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This article was published on June 2, 2014

China clamps down on Google, LinkedIn ahead of 25th anniversary of Tiananmen Square protests

China clamps down on Google, LinkedIn ahead of 25th anniversary of Tiananmen Square protests
Jon Russell
Story by

Jon Russell

Jon Russell was Asia Editor for The Next Web from 2011 to 2014. Originally from the UK, he lives in Bangkok, Thailand. You can find him on T Jon Russell was Asia Editor for The Next Web from 2011 to 2014. Originally from the UK, he lives in Bangkok, Thailand. You can find him on Twitter, Angel List, LinkedIn.

This week marks the 25th anniversary of the Tiananmen Square protests, one of the most controversial events in Chinese history. China doesn’t acknowledge the event, and is known for clamping down on the internet in the run up to the June 4 anniversary — this year it appears to have disrupted multiple Google services in the country.

TNW has spoken to China-based users and seen screenshots which show Google Maps, Google’s search engine, Google Translate, Gmail and other services failing to operate in China, in line with a report from GreatFire, an organization that keeps watch of internet censorship in China. GreatFire claims in a blog post that “all Google services” have been disrupted for the past four days, but the issues are more severe today.

Google’s own transparency report suggests that traffic from Google services has been sluggish in the country since June 1, hinting that something is going on behind the scenes. When reached for comment, however, a Google spokesperson told TNW: “We’ve checked extensively and there’s nothing wrong on our end.”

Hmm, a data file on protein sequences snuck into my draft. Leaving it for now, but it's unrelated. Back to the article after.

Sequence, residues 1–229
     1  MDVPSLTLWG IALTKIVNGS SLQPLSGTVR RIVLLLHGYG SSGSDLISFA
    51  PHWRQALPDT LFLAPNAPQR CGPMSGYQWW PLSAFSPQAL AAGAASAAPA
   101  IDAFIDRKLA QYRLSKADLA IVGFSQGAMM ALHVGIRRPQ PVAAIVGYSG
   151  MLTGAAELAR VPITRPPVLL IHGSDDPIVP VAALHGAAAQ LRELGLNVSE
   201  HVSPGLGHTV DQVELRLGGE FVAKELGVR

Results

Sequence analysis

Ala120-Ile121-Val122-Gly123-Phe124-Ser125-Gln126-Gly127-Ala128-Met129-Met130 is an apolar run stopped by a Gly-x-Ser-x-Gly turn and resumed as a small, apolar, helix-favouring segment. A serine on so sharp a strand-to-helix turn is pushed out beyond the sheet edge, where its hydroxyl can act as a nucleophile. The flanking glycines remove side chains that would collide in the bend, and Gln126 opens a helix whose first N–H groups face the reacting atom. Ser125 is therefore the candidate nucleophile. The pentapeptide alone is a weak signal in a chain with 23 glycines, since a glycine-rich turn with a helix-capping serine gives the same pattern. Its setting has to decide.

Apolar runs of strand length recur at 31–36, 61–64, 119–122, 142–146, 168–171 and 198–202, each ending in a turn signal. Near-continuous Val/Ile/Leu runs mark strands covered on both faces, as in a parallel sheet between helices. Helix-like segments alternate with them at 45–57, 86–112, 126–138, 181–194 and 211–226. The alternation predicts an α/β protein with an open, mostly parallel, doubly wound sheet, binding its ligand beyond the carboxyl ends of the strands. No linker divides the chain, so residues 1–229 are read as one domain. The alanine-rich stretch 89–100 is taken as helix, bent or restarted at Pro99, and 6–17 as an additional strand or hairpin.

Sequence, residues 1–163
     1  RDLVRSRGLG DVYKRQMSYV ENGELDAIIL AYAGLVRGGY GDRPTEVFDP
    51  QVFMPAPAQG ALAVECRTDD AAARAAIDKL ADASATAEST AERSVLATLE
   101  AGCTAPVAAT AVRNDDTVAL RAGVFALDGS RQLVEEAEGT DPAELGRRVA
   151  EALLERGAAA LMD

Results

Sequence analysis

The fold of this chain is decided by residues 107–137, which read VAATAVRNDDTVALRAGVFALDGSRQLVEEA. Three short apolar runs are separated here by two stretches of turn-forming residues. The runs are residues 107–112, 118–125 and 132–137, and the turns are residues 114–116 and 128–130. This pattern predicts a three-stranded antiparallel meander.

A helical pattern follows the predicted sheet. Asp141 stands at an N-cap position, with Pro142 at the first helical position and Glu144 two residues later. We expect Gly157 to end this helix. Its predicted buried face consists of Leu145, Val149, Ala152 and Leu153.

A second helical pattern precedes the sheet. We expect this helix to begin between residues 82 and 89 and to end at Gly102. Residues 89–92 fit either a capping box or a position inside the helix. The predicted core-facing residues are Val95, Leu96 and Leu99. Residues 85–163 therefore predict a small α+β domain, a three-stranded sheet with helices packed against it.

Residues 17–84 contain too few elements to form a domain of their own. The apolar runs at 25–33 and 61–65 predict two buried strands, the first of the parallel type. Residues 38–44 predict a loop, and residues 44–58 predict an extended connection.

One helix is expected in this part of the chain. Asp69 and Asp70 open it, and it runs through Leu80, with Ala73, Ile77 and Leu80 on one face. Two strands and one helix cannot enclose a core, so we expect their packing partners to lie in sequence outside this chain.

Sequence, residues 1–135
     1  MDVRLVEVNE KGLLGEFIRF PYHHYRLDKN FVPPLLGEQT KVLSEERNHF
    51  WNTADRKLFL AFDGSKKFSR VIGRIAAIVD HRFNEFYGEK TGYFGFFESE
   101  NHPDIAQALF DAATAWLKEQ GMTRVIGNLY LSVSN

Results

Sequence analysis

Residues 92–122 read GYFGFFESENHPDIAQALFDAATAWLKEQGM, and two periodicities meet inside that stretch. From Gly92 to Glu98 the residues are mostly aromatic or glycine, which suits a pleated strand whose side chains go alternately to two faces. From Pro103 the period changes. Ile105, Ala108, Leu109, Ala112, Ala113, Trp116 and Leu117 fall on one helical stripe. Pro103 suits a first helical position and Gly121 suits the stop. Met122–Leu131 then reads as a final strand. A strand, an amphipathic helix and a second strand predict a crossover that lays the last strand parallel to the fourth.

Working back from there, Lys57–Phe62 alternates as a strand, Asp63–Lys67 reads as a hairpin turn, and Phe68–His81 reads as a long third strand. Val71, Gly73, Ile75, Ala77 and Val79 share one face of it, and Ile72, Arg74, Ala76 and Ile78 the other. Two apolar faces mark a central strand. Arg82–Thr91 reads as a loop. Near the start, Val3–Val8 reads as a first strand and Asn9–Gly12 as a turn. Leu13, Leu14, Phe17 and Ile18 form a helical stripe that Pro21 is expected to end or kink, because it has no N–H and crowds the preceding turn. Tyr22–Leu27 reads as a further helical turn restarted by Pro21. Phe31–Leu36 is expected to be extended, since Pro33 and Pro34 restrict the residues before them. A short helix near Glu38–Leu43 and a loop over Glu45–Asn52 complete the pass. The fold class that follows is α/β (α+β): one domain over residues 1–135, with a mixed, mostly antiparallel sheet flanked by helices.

Screenshot 2014-06-02 20.37.50

Google relocated its search engine to Hong Kong from China in 2010, following allegations that the government had hacked into Gmail accounts belonging to prominent activists. Yet, despite its absence, Google services are regularly a target for the government.

UPDATE: LinkedIn has acknowledged that censorship requirements have been “recently imposed” on them in China, months after the professional social network set up a joint venture in the country and launched a localized Chinese site.

A spokesperson tells us that the censorship is only available within China, which means LinkedIn members in China cannot see restricted content. The statement itself is vague, but hints that anyone who logs in to LinkedIn from within the country — no matter on the localized or main site — won’t be able to view certain content deemed sensitive by the Chinese government.

In a statement, the LinkedIn spokesperson also reiterates that the company weighed its entry into China carefully, and already weighed the consequences of censorship beforehand:

We’ve long recognized that offering a localized version of LinkedIn in China would likely mean adherence to censorship requirements of the Chinese government on Internet platforms. These requirements have just recently been imposed upon us within China.